Coronavirus testing capacity under strain as demand surges

At least 90% of close contacts need to be tracked down to push Covid-19 back

The National Ambulance Service have made a video showing how a Covid-19 remote testing centre will work. Video: National Ambulance Service

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There is a simple reason for the alarming rise in confirmed cases of coronavirus in recent days, a trend that will only accelerate as this week progresses.

The number of positive tests is surging because more tests are being carried out, in more locations, with a simplified process for accessing them.

What is alarming, of course, is the underlying evidence of widespread circulation of the virus that these positive tests reveal.

This is not surprising; we have known since March 5th, almost two weeks ago, that the virus was circulating independently of any travel back from Italy or contact with confirmed cases.

Prof Liam Glynn of University of Limerick Medical School has estimated the true number of cases at 2,000 and rising

That first instance of community transmission has been joined by others since. Doctors have been saying for weeks they suspect the disease is far more prevalent than was known from the limited official testing then ongoing.

No one knows exactly how many people have the virus in Ireland, though Prof Liam Glynn of University of Limerick Medical School has estimated the true number of cases at 2,000 and rising.

It certainly feels that way given the number of people I personally know, including healthcare workers and journalists, who have tested positive. This is just anecdote, I know.

Demand for tests

On the positive side, the growing demand for testing is evidence that the message about the virus, and about testing for symptoms, is getting out there. But it has also put a nascent system under incredible pressure.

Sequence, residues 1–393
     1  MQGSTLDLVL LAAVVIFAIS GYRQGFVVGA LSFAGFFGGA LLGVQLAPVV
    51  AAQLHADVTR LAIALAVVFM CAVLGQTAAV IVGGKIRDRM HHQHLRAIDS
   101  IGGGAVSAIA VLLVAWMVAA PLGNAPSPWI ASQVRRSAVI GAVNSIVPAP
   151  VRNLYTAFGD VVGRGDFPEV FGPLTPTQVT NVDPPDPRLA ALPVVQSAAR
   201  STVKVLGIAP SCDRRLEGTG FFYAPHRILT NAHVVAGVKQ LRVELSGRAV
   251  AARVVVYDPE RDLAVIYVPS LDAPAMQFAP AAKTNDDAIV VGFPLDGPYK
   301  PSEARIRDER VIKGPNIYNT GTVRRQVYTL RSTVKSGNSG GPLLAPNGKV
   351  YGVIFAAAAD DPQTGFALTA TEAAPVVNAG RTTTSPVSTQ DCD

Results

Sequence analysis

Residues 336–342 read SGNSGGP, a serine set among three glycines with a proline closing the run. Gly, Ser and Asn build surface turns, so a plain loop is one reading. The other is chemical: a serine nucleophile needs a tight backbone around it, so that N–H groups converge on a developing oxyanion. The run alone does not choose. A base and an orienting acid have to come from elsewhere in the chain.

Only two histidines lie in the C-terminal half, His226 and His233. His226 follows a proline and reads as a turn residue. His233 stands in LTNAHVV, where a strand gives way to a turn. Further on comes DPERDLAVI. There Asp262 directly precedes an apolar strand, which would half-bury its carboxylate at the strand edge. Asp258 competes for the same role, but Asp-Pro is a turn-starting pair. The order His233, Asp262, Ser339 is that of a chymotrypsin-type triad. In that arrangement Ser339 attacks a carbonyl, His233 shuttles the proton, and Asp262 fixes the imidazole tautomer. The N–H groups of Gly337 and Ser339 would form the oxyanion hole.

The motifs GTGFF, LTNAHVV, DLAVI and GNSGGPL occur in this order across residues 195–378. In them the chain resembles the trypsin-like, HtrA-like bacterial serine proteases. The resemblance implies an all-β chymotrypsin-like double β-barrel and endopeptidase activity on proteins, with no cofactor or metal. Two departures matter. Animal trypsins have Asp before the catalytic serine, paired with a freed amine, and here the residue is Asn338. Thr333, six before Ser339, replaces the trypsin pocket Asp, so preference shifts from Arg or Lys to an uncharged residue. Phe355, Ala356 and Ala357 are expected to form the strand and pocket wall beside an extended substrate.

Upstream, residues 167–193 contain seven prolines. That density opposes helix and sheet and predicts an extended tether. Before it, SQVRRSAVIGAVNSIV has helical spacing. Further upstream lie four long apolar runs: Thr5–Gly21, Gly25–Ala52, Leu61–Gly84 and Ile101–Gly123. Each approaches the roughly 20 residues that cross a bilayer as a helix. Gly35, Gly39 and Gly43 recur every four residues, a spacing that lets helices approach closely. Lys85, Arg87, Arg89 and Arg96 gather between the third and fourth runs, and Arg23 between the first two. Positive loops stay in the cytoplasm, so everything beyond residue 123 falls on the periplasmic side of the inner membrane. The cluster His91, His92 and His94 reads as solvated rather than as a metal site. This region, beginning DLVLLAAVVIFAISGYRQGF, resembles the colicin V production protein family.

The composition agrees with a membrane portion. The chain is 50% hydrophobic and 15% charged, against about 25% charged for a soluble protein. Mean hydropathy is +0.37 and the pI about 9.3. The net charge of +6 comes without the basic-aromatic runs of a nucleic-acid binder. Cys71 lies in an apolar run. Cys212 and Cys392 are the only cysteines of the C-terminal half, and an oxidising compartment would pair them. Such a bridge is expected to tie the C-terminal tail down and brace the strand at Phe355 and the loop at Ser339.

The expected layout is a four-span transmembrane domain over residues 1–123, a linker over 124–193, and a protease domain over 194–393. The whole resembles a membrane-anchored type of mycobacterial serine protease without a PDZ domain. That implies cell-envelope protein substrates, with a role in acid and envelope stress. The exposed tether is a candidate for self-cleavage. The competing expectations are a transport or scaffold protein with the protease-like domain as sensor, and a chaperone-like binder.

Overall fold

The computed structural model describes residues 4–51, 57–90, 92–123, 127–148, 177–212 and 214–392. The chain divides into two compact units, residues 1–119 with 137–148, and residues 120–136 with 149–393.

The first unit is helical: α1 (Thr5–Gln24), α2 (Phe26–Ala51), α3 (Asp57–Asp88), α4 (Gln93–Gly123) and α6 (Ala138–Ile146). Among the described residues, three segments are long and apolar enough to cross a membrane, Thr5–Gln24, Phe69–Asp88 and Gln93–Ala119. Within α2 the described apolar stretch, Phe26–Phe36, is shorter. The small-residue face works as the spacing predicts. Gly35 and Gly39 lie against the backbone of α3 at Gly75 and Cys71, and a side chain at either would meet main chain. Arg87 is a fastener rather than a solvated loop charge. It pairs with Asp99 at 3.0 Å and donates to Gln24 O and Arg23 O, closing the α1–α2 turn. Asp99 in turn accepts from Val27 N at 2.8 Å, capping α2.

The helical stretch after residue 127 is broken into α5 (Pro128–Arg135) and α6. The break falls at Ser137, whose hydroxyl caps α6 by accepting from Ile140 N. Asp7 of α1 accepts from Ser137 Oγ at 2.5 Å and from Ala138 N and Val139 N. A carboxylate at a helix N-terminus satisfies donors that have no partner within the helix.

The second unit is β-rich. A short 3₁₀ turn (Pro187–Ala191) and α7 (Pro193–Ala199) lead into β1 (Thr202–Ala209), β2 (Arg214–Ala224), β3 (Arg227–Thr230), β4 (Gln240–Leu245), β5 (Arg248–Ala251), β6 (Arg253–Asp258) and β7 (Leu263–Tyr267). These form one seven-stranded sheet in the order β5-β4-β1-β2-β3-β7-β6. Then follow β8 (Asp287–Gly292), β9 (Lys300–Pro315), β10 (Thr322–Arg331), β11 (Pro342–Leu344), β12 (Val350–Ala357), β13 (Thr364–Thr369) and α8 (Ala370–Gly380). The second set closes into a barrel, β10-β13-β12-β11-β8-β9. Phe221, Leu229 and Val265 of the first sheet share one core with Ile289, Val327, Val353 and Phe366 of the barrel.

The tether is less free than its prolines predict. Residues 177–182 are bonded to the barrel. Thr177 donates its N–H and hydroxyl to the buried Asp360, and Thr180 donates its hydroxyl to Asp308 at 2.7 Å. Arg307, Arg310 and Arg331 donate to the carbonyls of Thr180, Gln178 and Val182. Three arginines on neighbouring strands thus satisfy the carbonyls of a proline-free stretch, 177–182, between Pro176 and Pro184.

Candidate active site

There were reports of up to 800 suspected cases awaiting callback at the end of last week, and of people – including healthcare workers – waiting over two days to be tested.

A move to direct referral by GPs (who, before this, had to refer suspect cases to public health staff) and online ordering of tests have been accompanied by IT glitches.

Further confusion saw people wrongly ringing 999/112 seeking a test (instead of their GP) and even calling to the doors of hospitals in Galway.

These problems, hopefully, will be shortlived, though it remains to be seen whether the capacity of the system is up to meeting demand as it surges.

An individual concerned they might have the virus will obviously want a test. The symptoms to watch out for are a new fever or cough.

The system too wants people tested, but its priorities may be different, especially when the number of people seeking to be tested exceeds available capacity.

It doesn’t help that staff report a shortage of personal protective equipment, or that sectors such as dentistry or homecare workers say they don’t have clear guidelines

People cannot expect, therefore, that they will be given a test, or that they will be given a test ahead of others. What they do need to do immediately, on experiencing symptoms, is to self-isolate. This, if done effectively, removes the threat of the disease being passed on.

And while the person might be understandably anxious to get tested, so long as their symptoms are mild, they do not need to worry unduly. Public health doctors will prioritise other patients with greater clinical need.

Healthcare workers

Consideration will also have to be given to prioritising the testing of healthcare workers. Efforts to fight the virus in China were badly stymied as doctors and nurses fell ill, and many infected fellow staff before showing symptoms. The same scenario is playing out, in equally stark terms, in Italy at present.

It doesn’t help that staff report a shortage of personal protective equipment, or that sectors such as dentistry or homecare workers say they don’t have clear guidelines to follow. Again, hopefully, these gaps will be rectified shortly.

Testing is only one half of the two-pronged approach needed now. Once confirmed cases are identified, any people they have been in close contact with have to be tracked down as quickly as possible and told to self-quarantine.

We haven’t heard much about this work, though large numbers of staff from other areas of the public service are being trained up to carry out this vital activity. If we are to arrest the spread of the virus, at least 70 per cent of these contacts have to be tracked down; for the virus to be “pushed back”, so it will eventually fizzle out, at least 90 per cent have to be tracked down.